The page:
When the human race decided to settle in, rather than scattering, and build a tower as a monument to their own genius, God judged them and scattered them. With this part of the narrative, we are left hanging. Where is the grace? Will the mission of God get back on track?

Genesis 12 gives the answer. God called Abraham. From his loins God called a people who were to be separate and apart from the ways of the world, but be very much in the world. They were the collective co-managers of God's mission, a collective Adam, a pontiff people who were to be the bridge connecting God and all creation. But every century that passed seemed to blur any distinction between this special "people" and all other peoples. Was there even a remnant who understood why God chose them to serve God's mission?

In the fullness of time God spoke the clearest Word ever spoken. The mission of God was fleshed out. The mission of God and the mission of Jesus were synonymous. As God was to the creation of a chosen people, Jesus was to the extended Israel that we call church. For the past 2000 years the church, as a servant to the mission of God, has been on a similar roller-coaster ride to that which Abraham's descendants experienced. Faithful - unfaithful. True, the church has been planted in every known continent and nation, ranging from frightfully weak to apparently strong. Having said that, does it mean the task is complete? If not, what is the future of God's mission on this earth and in the cosmos?

In our time, the Wind of the Spirit is blowing again. Many churches in the Western world did not even notice when the great shift occurred. The Southern hemisphere emerged as home to what we now call the Majority World Church. Seventy-five percent of the world's Christians live in the southern and eastern world. The majority of believers do not speak English. A new apostolic era has dawned. Believers in Africa, Latin America and Asia take the Bible very seriously. They get involved in what they are reading, and are convinced it is as relevant for today as it was when it was written. They have jettisoned the Western style of "doing missions." They move as the Spirit directs.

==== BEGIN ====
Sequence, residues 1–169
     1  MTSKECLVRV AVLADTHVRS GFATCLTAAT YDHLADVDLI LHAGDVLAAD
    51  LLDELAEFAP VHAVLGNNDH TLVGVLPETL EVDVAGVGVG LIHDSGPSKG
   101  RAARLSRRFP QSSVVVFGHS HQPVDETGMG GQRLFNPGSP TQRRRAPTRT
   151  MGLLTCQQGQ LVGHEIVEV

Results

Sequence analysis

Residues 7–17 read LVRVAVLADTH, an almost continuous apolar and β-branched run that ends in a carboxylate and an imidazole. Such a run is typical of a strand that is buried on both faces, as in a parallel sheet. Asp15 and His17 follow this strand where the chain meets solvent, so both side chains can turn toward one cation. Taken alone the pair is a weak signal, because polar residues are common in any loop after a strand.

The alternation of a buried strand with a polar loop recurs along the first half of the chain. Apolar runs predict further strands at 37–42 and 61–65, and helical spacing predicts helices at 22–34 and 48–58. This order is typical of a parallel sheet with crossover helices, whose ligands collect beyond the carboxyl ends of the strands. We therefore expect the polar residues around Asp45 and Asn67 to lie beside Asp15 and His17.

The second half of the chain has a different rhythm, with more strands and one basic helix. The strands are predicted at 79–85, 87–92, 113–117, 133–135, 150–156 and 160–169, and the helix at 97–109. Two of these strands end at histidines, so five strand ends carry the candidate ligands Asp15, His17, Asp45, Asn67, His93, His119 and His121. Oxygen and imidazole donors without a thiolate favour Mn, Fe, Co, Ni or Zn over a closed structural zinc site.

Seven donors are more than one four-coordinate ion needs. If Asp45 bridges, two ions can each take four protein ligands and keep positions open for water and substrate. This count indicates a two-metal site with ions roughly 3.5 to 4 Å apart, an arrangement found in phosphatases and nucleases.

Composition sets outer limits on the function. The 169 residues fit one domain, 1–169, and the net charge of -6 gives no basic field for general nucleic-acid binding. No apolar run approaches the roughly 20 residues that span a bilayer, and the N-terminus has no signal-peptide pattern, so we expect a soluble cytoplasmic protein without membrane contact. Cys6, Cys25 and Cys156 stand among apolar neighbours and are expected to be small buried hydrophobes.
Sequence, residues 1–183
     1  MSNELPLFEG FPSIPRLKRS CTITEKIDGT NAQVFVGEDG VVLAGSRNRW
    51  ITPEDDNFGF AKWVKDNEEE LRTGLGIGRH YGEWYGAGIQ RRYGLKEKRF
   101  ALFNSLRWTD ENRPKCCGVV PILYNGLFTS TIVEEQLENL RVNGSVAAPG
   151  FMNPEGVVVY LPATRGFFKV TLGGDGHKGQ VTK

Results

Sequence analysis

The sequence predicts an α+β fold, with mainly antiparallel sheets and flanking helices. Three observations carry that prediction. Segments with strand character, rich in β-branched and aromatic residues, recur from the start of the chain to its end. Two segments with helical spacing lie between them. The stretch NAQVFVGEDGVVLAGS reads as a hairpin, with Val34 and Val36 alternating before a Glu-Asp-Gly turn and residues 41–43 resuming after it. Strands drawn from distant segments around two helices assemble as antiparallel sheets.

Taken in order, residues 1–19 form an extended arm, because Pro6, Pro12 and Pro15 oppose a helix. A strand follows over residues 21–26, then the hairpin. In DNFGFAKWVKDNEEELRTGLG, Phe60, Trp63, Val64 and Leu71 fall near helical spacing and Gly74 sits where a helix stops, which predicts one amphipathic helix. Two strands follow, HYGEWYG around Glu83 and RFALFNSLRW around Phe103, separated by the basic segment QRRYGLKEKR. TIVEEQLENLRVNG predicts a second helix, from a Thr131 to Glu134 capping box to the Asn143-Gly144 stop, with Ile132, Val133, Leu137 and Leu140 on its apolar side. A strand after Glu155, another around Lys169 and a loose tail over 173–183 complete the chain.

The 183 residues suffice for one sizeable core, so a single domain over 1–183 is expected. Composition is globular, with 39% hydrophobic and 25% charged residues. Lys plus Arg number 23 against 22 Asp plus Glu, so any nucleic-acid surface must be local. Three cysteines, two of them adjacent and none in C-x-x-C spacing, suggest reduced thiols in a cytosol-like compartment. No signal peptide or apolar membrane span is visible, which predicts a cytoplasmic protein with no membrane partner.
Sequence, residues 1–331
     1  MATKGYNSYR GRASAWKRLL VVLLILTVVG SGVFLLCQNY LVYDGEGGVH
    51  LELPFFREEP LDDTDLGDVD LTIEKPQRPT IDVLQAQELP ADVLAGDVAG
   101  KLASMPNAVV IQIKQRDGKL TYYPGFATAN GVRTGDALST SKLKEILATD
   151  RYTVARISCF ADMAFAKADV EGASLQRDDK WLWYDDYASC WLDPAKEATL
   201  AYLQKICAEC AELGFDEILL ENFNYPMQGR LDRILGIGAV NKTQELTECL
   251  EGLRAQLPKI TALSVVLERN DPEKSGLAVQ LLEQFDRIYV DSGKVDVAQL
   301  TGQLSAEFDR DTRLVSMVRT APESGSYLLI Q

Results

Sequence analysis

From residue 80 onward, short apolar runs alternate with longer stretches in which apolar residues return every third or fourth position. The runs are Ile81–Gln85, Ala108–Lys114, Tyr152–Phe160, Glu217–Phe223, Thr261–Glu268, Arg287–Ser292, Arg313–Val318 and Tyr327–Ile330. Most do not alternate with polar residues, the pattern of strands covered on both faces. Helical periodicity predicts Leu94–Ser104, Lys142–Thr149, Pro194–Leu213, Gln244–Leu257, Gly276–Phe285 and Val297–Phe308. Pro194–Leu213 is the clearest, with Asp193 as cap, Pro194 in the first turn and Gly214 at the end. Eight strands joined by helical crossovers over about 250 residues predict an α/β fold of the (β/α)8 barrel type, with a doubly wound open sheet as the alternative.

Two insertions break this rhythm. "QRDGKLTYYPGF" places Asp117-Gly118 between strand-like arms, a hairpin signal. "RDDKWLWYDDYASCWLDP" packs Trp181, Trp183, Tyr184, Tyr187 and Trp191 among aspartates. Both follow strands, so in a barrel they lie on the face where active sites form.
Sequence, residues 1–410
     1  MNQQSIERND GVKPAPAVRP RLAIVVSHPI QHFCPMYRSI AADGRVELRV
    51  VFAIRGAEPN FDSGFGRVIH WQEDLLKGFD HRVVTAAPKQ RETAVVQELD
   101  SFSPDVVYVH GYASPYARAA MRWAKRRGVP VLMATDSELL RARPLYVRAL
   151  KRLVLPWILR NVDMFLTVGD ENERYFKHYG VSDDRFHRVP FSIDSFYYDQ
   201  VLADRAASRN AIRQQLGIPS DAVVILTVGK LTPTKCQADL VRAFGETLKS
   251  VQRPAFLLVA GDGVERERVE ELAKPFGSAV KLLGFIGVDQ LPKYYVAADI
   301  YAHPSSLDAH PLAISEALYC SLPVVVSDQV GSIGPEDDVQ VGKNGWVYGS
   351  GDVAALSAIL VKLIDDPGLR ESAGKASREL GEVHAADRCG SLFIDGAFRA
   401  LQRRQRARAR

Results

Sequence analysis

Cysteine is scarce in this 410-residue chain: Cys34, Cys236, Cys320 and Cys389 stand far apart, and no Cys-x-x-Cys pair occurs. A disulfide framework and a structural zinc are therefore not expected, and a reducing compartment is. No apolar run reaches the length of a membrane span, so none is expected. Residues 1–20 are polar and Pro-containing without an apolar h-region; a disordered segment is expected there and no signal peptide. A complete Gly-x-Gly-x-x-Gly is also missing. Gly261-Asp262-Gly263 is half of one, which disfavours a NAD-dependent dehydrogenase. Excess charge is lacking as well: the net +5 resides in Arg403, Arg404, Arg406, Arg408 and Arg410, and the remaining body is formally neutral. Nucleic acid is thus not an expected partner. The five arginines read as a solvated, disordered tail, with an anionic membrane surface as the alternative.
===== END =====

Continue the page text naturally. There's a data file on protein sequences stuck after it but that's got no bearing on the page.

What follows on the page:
Let us look at specific pockets that illustrate the movement of the Spirit.


In 1900 there were 8.7 million Christians on the continent of Africa. In the year 2000 there were about 350 million Christians. According to Lamin Sanneh, native African scholar and professor at Yale Divinity School, in 1900 Muslims outnumbered Christians by a ratio of 4:1. In 2000 the ratio was almost 1:1. Sanneh attributes this explosive growth to certain factors: 1) Expansion took place after colonialism during a period of national awakening, 2) the overall, if delayed, effect of the translation of scripture into native African languages, and 3) African leaders stepping forward to lead the expansion without the disadvantage of foreign compromise. (Sanneh, Whose Religion Is Christianity) Was not the Spirit evident in all these factors? If trends continue, by 2050 there could be 600 million Christians on the continent of Africa.